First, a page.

What do you know about regulation?

Saturday, January 18, 2014

If you are a casual fan, move along. If you are a hardcore fan, this one’s for you.

When the average UFC fan is upset about officiating, they blame the promotion – “WHY did DANA hire that ref AGAIN??!?” A majority of casual fans do not understand that, like professional boxing, mixed martial arts is regulated at the state level, as mandated by a Federal law. The refs, the judges, the inspectors, the rules, all those are government appointees.

Managing editor at Rebellion Media Jim Genia was invited by Nick Lembo, counsel for the New Jersey State Athletic Control Board (NJSACB), to shadow their in-house seminar for the judges, referees and inspectors who will be working UFC 169 in Newark on February 1.

The NJSACB is the gold standard for regulation of our sport, and Genia takes you inside their work.

Some of the faces would have been recognizable to MMA fans, such as referees “Big” Dan Miragliotta and Keith Peterson, Invicta FC fighter Munah Holland (she’s also an inspector with the commission) and maybe commissioner Aaron Davis.

Lembo began the seminar with a breakdown of what the judges needed to know.

The Unified Rules are clear on a lot, but judging in and of itself is such an inherently subjective endeavor that often the official decision is one that clashes with popular opinion. Lembo touched on a few points, such as the notion of effective offense (“Don’t get confused by a fighter’s activity – activity is not effective aggressiveness.”) and scoring (“A 10-7 probably means the referee should have stopped the fight,” and Lembo cited the first round of Frankie Edgar vs. Gray Maynard I, where Edgar took a hellacious beating.)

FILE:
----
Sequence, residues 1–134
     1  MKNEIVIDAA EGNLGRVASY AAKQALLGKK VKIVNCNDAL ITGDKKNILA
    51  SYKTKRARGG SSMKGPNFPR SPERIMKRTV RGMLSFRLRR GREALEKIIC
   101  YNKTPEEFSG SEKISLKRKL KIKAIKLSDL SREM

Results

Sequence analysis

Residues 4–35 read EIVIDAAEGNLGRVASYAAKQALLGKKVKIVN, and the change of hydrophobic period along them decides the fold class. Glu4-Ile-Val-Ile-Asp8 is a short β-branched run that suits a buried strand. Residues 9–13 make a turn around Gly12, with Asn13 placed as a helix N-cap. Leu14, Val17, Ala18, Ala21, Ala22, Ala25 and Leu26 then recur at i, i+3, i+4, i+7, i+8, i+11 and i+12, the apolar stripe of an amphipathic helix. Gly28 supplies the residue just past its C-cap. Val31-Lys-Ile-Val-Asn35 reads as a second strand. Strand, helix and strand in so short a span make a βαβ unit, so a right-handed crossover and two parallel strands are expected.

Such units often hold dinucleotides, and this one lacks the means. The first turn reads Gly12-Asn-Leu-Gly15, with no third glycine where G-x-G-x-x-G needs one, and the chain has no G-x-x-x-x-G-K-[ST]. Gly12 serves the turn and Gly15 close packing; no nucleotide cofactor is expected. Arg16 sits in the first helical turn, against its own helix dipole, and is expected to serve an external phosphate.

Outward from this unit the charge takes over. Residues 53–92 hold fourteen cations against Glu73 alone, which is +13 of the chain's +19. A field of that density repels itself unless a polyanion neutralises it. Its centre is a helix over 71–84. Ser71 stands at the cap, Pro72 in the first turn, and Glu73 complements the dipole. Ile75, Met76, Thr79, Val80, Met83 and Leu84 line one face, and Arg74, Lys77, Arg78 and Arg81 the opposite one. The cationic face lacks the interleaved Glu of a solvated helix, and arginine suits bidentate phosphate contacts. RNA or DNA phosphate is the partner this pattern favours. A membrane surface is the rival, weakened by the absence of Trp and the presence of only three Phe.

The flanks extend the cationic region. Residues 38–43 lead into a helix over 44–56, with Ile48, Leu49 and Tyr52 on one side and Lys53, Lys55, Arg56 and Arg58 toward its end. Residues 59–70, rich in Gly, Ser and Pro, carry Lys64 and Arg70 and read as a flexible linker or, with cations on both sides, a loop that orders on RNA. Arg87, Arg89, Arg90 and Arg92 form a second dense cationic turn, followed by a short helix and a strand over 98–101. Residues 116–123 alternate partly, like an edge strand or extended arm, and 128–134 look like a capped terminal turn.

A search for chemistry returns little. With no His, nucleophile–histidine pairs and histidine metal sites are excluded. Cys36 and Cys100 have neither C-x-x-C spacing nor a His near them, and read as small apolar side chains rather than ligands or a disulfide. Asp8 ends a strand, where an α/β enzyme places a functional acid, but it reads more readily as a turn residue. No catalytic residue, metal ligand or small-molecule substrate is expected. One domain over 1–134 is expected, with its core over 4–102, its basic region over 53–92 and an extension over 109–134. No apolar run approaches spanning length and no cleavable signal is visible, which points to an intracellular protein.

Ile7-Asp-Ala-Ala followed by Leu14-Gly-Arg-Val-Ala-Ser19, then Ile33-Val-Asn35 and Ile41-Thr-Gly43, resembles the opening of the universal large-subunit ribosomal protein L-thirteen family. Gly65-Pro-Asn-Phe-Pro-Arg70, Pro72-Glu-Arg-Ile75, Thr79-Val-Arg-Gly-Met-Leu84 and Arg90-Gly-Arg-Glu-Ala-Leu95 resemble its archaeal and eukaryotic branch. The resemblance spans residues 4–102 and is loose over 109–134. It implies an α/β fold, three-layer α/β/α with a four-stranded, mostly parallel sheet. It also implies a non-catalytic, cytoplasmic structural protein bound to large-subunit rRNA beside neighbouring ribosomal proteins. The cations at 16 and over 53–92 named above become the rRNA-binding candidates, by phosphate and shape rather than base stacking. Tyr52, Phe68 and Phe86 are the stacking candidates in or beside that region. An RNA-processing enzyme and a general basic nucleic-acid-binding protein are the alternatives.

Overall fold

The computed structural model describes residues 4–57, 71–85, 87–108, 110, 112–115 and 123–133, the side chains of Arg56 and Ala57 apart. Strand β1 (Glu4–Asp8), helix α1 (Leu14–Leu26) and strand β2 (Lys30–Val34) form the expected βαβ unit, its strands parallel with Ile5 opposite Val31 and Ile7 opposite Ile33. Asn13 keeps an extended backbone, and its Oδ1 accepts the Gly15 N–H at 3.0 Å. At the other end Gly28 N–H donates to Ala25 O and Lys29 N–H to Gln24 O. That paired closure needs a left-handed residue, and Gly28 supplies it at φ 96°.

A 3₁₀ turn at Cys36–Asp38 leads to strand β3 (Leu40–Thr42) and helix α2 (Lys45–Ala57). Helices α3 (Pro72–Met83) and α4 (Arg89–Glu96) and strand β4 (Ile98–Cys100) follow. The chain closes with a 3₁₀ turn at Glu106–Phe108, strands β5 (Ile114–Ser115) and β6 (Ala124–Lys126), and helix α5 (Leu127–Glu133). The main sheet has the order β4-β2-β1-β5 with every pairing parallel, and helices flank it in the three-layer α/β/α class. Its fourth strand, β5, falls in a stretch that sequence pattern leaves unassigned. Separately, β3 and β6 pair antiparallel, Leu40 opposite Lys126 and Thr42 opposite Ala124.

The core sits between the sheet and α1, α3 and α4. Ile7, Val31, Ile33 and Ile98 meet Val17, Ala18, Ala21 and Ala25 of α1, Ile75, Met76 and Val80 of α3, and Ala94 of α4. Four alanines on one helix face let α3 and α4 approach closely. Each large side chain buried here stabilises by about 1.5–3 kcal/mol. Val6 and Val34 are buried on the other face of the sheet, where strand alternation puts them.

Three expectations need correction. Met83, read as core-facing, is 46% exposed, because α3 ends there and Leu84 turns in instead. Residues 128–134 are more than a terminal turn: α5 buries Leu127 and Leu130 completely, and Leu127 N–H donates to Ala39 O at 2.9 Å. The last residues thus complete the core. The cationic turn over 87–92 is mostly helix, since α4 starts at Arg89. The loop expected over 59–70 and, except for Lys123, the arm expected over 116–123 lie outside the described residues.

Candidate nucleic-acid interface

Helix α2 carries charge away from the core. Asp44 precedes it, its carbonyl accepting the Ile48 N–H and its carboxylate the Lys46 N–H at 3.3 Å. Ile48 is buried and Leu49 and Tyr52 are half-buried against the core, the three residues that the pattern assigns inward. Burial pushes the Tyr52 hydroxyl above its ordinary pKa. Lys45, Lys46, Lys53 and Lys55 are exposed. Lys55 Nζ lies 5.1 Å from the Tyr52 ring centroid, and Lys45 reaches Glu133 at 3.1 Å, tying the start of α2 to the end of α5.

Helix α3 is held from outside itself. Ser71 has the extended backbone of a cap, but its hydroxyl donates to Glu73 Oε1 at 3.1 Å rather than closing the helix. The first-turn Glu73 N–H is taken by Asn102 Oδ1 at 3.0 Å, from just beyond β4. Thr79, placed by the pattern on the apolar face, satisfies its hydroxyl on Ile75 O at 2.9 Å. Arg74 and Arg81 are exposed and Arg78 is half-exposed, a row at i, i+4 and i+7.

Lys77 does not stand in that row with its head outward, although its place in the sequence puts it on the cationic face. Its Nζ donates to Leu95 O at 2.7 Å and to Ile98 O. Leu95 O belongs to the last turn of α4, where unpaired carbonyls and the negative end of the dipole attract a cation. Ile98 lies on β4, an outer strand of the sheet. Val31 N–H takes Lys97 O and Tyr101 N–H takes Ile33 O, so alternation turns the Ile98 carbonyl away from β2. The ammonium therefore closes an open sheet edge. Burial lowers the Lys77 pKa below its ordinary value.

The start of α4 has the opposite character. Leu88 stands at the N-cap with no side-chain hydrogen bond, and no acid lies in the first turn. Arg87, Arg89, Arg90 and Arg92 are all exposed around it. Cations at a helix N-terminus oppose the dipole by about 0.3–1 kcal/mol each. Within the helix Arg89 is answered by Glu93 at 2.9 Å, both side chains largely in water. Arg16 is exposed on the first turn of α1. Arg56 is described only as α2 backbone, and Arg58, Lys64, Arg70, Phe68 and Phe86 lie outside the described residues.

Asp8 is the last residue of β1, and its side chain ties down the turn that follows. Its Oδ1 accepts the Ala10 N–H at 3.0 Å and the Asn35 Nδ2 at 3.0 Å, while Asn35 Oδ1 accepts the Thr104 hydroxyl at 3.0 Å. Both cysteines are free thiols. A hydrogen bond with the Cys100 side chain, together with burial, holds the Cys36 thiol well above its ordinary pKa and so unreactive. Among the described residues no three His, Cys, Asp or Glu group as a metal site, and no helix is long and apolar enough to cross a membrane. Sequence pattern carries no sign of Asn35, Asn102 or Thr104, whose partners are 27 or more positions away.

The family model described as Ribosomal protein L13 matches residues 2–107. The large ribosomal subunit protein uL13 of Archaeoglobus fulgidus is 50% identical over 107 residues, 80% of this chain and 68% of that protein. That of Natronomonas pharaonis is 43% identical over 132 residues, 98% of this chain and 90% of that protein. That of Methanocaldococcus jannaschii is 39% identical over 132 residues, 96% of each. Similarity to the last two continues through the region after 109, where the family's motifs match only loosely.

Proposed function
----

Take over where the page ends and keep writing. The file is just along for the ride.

Lembo dismissed the judges and turned his attention to the referees.

Did you know that there’s an five-minute time limit on a doctor assessing whether or not a fighter can continue after a foul? Did you know that referees conduct individual rules meetings with each fighter they assigned to (at smaller shows, rules meetings are done en masse)? It was illuminating hearing all the finer points of the rules – points you’d never know existed from watching an event from home or even from the first row.

Lembo called Dr. Sherry Wulkan to the front, and she took over, laying out for both the referees and inspectors some of things they should look for, as well as what the physicians would be scrutinizing. Did you know that the cut men – who are employed by the promotion, not the commission – are allowed into the cage only at the discretion of the doctors?

The NJSACB inspectors were up next.

Lembo went down a litany of talking points, each one focusing on a different aspect of the chronology of a fight show. He even reminded them to bring scissors, as all gloves have to be cut off the fighters after their fights to inspect the hands for damage. (This is a requirement of the UFC’s insurance coverage, and another gem that will likely be an MMA trivia question in years to come.)

The seminar was underway at 1:30pm, and by 5pm, the homestretch was in sight, with everyone gathered around to watch a demonstration in proper hand-wrapping technique.

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